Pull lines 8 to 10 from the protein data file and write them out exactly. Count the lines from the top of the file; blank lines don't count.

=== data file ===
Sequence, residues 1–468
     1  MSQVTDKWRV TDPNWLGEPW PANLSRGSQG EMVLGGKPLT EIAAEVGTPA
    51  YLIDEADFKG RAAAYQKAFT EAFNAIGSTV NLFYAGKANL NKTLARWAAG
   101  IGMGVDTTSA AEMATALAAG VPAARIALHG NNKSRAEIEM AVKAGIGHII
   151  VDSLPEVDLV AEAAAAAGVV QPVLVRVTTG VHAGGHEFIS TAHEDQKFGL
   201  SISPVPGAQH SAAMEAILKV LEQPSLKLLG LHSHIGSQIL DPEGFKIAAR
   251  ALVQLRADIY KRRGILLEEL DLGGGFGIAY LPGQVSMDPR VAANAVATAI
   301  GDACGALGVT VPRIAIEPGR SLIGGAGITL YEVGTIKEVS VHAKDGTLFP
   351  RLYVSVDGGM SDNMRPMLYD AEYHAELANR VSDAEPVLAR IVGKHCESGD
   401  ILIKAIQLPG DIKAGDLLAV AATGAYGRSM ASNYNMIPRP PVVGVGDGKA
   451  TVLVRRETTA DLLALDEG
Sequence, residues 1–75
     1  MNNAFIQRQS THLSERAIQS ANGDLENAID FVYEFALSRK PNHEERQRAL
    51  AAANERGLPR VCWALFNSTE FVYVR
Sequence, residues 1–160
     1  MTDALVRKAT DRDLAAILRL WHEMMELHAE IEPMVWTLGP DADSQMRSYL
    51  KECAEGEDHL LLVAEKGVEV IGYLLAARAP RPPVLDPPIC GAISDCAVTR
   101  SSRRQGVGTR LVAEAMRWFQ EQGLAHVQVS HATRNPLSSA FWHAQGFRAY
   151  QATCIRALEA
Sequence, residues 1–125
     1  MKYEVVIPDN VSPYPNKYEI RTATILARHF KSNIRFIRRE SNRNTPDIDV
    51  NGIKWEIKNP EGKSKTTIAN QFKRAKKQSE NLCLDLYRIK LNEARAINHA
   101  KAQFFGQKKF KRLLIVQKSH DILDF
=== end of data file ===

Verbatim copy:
   301  GDACGALGVT VPRIAIEPGR SLIGGAGITL YEVGTIKEVS VHAKDGTLFP
   351  RLYVSVDGGM SDNMRPMLYD AEYHAELANR VSDAEPVLAR IVGKHCESGD
   401  ILIKAIQLPG DIKAGDLLAV AATGAYGRSM ASNYNMIPRP PVVGVGDGKA